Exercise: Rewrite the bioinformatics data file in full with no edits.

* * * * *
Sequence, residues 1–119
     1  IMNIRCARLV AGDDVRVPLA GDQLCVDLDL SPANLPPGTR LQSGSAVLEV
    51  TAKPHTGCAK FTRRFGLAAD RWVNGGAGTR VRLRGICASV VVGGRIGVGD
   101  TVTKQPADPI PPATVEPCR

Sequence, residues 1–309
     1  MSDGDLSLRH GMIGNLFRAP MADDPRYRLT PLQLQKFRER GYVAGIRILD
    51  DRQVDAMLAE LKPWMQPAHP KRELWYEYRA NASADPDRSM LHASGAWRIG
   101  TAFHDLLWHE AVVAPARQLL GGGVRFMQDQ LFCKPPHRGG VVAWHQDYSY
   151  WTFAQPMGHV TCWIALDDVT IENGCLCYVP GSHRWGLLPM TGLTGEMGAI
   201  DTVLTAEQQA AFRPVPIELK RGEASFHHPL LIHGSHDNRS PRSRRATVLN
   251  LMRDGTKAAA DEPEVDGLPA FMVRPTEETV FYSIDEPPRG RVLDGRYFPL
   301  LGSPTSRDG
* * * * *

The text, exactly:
Sequence, residues 1–119
     1  IMNIRCARLV AGDDVRVPLA GDQLCVDLDL SPANLPPGTR LQSGSAVLEV
    51  TAKPHTGCAK FTRRFGLAAD RWVNGGAGTR VRLRGICASV VVGGRIGVGD
   101  TVTKQPADPI PPATVEPCR

Sequence, residues 1–309
     1  MSDGDLSLRH GMIGNLFRAP MADDPRYRLT PLQLQKFRER GYVAGIRILD
    51  DRQVDAMLAE LKPWMQPAHP KRELWYEYRA NASADPDRSM LHASGAWRIG
   101  TAFHDLLWHE AVVAPARQLL GGGVRFMQDQ LFCKPPHRGG VVAWHQDYSY
   151  WTFAQPMGHV TCWIALDDVT IENGCLCYVP GSHRWGLLPM TGLTGEMGAI
   201  DTVLTAEQQA AFRPVPIELK RGEASFHHPL LIHGSHDNRS PRSRRATVLN
   251  LMRDGTKAAA DEPEVDGLPA FMVRPTEETV FYSIDEPPRG RVLDGRYFPL
   301  LGSPTSRDG